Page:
- New research estimates the projected lives that would be saved if patients at high risk of cardiovascular disease underwent intensive blood pressure lowering.
- The findings will be presented at ASN Kidney Week 2016 November 15-20 at McCormick Place in Chicago, IL.
Chicago, IL (November 19, 2016) -- Intensive systolic blood pressure (SBP) lowering may prevent more than 100,000 deaths in the United States each year, according to a study that will be presented at ASN Kidney Week 2016 November 15¬-20 at McCormick Place in Chicago, IL.
The Systolic Blood Pressure Intervention Trial (SPRINT) trial found that intensive systolic SBP lowering (?120 mm Hg) prolonged life compared with standard SBP lowering (?140 mm Hg) in adults aged ?50 years who were at high risk for cardiovascular disease but who did not have diabetes or a history of stroke.
When Tisha Joerla Tan, MD (Loyola University Medical Center) and her colleagues applied the study's findings to similar individuals in the general US population, an estimated 18.1 million US adults met SPRINT criteria and intensive SBP lowering was projected to prevent approximately 107,500 deaths per year. "Our analyses also showed that more than 4 million adults with stage 3-4 chronic kidney disease meet SPRINT criteria, and intensive SBP lowering was projected to prevent 32,800 deaths per year in this group," said Dr. Tan.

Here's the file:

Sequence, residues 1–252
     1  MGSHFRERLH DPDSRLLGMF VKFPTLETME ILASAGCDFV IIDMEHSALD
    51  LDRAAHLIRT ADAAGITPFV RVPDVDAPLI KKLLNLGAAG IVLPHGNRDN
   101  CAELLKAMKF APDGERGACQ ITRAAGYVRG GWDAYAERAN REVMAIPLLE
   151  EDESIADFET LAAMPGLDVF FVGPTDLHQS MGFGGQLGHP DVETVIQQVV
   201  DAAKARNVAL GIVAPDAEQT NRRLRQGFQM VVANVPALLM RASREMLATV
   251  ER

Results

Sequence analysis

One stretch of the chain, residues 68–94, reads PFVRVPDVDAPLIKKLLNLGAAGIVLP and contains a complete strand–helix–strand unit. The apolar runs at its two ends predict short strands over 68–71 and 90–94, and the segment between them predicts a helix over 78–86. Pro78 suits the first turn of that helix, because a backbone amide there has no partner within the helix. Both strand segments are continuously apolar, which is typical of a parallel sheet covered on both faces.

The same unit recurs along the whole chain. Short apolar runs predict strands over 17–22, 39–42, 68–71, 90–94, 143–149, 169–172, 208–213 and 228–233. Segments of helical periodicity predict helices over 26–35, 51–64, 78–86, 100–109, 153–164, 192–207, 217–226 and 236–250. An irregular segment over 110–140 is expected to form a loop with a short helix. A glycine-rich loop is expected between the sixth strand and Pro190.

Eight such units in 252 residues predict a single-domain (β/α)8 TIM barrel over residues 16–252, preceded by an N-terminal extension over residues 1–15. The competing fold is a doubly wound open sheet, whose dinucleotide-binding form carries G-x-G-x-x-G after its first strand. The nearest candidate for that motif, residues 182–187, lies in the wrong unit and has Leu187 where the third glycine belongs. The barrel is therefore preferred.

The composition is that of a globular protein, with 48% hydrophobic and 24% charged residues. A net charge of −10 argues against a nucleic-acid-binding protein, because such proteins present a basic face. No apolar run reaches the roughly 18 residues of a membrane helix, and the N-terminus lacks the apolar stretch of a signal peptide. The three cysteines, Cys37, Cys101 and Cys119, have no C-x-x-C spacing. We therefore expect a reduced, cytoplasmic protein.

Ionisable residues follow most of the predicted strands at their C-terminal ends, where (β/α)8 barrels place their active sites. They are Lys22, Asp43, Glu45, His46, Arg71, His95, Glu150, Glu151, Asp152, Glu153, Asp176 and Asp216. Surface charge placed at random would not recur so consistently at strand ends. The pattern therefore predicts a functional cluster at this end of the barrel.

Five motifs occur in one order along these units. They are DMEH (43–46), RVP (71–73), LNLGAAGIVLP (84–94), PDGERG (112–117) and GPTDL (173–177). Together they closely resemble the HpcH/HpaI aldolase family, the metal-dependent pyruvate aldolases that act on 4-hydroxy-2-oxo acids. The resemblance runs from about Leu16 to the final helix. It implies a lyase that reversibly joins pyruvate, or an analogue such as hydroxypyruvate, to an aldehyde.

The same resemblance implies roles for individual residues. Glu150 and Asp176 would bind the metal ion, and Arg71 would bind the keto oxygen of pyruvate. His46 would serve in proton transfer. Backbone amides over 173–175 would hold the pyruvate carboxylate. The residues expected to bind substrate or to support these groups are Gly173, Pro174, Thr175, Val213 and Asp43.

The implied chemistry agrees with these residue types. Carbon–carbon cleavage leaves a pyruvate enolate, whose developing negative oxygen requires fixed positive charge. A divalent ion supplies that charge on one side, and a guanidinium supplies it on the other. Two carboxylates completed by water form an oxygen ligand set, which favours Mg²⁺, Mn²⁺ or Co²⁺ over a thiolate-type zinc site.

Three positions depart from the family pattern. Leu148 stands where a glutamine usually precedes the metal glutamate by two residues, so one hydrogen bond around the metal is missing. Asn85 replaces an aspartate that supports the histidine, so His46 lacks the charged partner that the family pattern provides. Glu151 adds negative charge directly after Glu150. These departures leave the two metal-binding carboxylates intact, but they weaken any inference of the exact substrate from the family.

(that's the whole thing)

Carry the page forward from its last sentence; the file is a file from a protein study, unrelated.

Study: "Intensive Blood Pressure Lowering Will Prevent Over 100,000 Deaths Annually" (Abstract 2229)
ASN Kidney Week 2016, the largest nephrology meeting of its kind, will provide a forum for more than 13,000 professionals to discuss the latest findings in kidney health research and engage in educational sessions related to advances in the care of patients with kidney and related disorders. Kidney Week 2016 will take place November 15-20, 2016 in Chicago, IL.
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